School Funding Law Deserves Review

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What happens in Annapolis over the next couple months will go a long way toward determining how public education gets funded across Maryland.

In Maryland, public school money has essentially been sheltered from drastic cuts because there’s a law that states every county government must at least spend the same per pupil as they did the previous year or risk losing state education contributions. It’s called Maintenance of Effort (MoE), and most elected government officials detest it because they don’t like being told what to with their money do by the state.

Even public school officials are not enamored with the law. Certainly thankful that it’s there to secure at least the same amount of money from the year prior, it’s argued that simply funding MOE does not allow the school system any opportunity to grow and improve. It essentially just ensures the status quo. There’s no room for progress, some Worcester school officials have said in the past.

No matter the side you fall on, there was enough of an outcry last year that General Assembly legislators plan to examine MOE and the process that surrounds it. The Maryland Association of Counties (MACO) is adamantly encouraging legislators to take a look and consider easing the requirements for counties to secure a waiver from the state, allowing the individual jurisdictions to cut per-pupil funding in their next budgets if a hardship is proven. Additionally, MACO is looking to have a different body than the Maryland State Department of Education rule over the waiver requests, and we agree this is needed.

Regarding MOE, it’s understandable how supporters and opponents come to their positions. The concepts behind the funding law are sound. The idea is as school system enrollments grow funding needs to follow. When it shrinks, it follows that course as well. That’s logical.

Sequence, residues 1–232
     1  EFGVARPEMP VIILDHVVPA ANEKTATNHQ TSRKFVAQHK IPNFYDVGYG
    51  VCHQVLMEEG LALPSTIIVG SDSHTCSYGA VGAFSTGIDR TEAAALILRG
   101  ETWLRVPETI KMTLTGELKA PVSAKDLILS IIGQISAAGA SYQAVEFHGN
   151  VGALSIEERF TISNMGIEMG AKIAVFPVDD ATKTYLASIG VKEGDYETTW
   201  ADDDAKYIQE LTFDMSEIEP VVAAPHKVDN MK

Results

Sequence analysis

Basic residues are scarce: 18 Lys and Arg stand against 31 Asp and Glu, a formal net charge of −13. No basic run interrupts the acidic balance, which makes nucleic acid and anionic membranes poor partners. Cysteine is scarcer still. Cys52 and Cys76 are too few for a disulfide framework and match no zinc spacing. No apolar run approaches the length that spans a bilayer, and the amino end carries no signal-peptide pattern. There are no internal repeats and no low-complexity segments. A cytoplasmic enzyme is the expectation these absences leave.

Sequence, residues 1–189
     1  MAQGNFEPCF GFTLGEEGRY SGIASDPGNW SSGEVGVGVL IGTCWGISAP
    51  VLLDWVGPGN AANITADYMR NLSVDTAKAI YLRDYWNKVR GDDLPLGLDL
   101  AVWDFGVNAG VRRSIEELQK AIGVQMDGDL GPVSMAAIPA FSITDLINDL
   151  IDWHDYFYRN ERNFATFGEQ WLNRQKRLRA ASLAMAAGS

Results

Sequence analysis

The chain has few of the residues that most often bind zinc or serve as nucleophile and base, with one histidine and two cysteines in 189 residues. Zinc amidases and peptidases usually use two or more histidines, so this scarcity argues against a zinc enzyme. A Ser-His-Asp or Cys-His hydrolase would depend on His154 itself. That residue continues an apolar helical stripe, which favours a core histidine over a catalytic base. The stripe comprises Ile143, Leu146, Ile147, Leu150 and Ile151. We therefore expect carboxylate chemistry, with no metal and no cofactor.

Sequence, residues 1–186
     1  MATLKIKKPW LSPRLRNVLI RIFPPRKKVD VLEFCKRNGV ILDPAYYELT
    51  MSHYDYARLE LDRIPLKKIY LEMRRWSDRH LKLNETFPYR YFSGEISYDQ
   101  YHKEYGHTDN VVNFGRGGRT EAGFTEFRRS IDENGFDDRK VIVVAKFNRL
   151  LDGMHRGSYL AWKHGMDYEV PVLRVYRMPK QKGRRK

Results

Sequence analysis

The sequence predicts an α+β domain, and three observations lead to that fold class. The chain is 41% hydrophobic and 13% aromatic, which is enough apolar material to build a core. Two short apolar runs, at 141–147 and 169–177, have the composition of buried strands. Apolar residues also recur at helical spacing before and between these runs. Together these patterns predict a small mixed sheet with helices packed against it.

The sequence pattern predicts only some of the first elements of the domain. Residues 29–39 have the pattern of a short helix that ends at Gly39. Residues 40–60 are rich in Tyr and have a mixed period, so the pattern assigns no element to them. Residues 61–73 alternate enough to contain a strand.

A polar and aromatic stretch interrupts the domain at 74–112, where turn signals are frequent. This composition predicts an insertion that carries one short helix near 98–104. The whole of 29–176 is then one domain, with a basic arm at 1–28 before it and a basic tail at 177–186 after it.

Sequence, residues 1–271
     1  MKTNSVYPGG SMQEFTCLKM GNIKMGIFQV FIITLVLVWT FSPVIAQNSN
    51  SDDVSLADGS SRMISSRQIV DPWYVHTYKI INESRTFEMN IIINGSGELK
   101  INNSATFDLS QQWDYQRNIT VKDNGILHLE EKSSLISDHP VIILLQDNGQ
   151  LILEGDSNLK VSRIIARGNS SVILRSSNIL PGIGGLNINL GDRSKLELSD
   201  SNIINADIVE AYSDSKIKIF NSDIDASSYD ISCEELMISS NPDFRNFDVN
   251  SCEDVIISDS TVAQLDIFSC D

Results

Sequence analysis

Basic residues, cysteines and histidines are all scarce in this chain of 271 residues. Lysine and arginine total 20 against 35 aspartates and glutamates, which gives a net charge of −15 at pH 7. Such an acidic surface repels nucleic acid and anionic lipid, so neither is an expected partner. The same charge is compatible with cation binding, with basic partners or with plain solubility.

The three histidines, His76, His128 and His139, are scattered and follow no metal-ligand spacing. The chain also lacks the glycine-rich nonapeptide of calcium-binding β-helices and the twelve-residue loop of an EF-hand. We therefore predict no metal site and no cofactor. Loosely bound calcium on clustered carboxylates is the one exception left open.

At its most fundamental, the goal of MOE is to protect our students and ensure education funding is not slashed to their detriment. Nobody ever wants to see the students harmed.

What complicates matters is politics and unfortunately that comes into play when millions of dollars are at risk. Last year, tensions ran high among some County Commissioners and school system administrators. The county asked for a waiver to reduce education spending by $1.8 million. After numerous cuts made elsewhere and understanding their request was going to ultimately be rejected, as was the case with three other jurisdictions, the county reluctantly withdrew its waiver.

We think the process of determining whether a waiver of MOE is flawed, and the problems start with whom is making the decision. It’s wrong for the state Board of Education to decide whether a waiver is granted. It needs to be handled by an independent committee of folks who understand the intricate finances involved.

The state board’s primary focus is on education and by its nature it would not allow public school funding to be cut below the MoE. In a letter to the chairman of the Senate Budget and Taxation Committee last summer, President William Parran expresses our view well. He wrote, “… vesting waiver approval authority solely with the State Board, whose entire purpose of being is to advocate for education, was not a wise choice.  It also places the State Board in an untenable position as an education advocate – it would go against the State Board’s basic principles to ever grant a waiver.  It is also questionable whether the State Board has the fiscal expertise necessary to evaluate county budget and economic conditions.”

The legislature needs to thoroughly examine the process and at the very least should assign discretion over these waiver requests to another board that cannot be accused of being biased one way or another.

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